Lee Kirk (Leander, son of Alexander Kirk) tells of
his father and early Brownsville days (16): (Excerpts)
“...I was born here at Brownsville... on May 29,
1847. I have lived here the greater part of my life, although my
home at present is with my granddaughter at Walla Walla, Wash.
“The exact spot off my birth was in a little log
cabin ... at the south landing of the Alexander Kirk Ferry ... in
present south Brownsville ... just back of the B. P. Daugherty home and
the present Hedlund Hatchery. The north landing of the ferry was in what
is now Brownsville’s public park, or perhaps a little east of the park
boundaries and in the filbert and walnut orchard owned by Harry
Thompson, former banker here. The ferry was established by my father,
Alexander Kirk, in 1846 or 1847. It was the first ferry across the upper
Calapooia and the place was commonly known as ‘Kirk’s Ferry’ for a
long time before the name of Brownsville was heard of.
“My father, Alexander Kirk, ... came to Oregon in
1846. He was a member of the same emigrant party that brought Captain
James Blakely, founder of Brownsville, Hugh Leeper Brown for whom the
town was named, and Jonathan Keeney and others. R. C. Finley, the
builder of the very old ‘Finley Mill’ near present Crawfordsville
and of the old ‘Boston Mill’ near Shedd, was also a member of this
train. Finley was my brother-in-law, having married my older sister
Polly Kirk. Polly was only thirteen years old when she married Dick
Finley and on her wedding night she cried because she had to sleep
‘with that man’. That, of course, was long before my memory but it
is a family story.
“Dick Finley was a cripple. His legs had been badly
broken while working in the Wisconsin lead mines before coming to
“...The old house in Brownsville which my father
built is commonly supposed to have been put up in 1847. They say that
the date is cut in the top of the old chimney. If that is true I do not
understand it. I was born in 1847 but not in that old house, The little
cabin in which we then lived was further down the river bank and nearer
to the ferry landing. I know that I was born there and I know that it
was still standing when I got old enough to remember it. I must have
been four or five years old when we moved up into the ‘new house’.
Here is proof of what I am saying: After I was born there were twins
born in our family, a boy and a girl. Both of them lived to be perhaps a
year and a half old. Then the boy died. He died in the little old house
near the ferry and we were still living there at the time. The new
house, then, could not have been built before 1850 at the earliest. The
twin sister lived — is still living.
“Another thing which is often told of my father is
quite wrong. It is commonly stated that he bought the squatter rights
for his land from Isaac Hutchens, who was first elected sheriff of Linn
County. That is not true. My father came here and found Isaac Courtney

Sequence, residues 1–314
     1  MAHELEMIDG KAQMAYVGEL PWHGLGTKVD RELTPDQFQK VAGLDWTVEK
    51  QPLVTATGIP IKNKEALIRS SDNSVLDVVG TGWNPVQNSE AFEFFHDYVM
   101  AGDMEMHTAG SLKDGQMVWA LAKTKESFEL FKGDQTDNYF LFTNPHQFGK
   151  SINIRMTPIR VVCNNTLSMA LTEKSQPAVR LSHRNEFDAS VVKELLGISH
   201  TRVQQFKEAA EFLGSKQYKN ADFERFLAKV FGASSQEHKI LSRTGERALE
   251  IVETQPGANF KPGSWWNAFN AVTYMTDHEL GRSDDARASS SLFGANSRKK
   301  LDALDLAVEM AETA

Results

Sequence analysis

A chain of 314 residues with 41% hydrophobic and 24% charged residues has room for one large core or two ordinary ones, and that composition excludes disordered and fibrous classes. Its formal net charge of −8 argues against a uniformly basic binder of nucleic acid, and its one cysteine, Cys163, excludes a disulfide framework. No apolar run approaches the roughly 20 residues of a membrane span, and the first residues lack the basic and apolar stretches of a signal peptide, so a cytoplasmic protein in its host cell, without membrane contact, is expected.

living on the land which he desired. Isaac Courtney, by the way, was the
man for whom Courtney Creek near Brownsville was named. Father paid
Courtney a yoke of oxen and a log chain for his land rights. The land
was a strip half a mile wide and two miles long extending across the
Calapooia north and south, Father wanted that land because it held the
best ferry site in the region. The original Kirk claim extended from
where Mr. Peterman now lives south across the Calapooia and out south to
the corner where the present Brownsville—Halsey road turns west. Now
here is how that story got started concerning father purchasing the
squatter rights from Isaac Hutchens. After he had settled on the land he
became dubious about holding it. That he might not lose the land father
hired Isaac Hutchens to live on the north half and hold it for him.
Later, when father found that he could hold the land he paid Hutchens
the amount agreed on and Hutchens moved away leaving the land in Kirk
ownership. Hutchens’ cabin was on the butte just north of the present
Brownsville High School building and that butte was sometimes called
“The ferry was started by my father in 1848 or
1847. Of course it was only a 'winter ferry’. The Calapooia River is
too narrow and shallow here to need any ferry in the summer when the
water is low. In the winter, however, it was deep and swift and
dangerous and travellers were glad to pay for ferry service. The
ferry-boat was merely a small scow or flat-boat, just large enough to
carry one team and wagon. I remember the old ferryboat well, It. was
operated by means of a rope stretched across the stream and when loaded
it was pulled across by hand. How it was done I certainly know for I
tried in to run it across myself once and got into trouble in the middle
of the stream. Old Jim Swank, whose claim was next north of father’s,
found me hung up in the middle of the stream and helped me across. I was
only five or six years old at the time and did not have strength to pull
the heavy boat.
“My father had a canoe tied near the ferry and he
used that to carry single passengers, especially children crossing from
the north side on way to school. Among those school children were those
of my brother, Riley Kirk, who had a claim in the east edge of the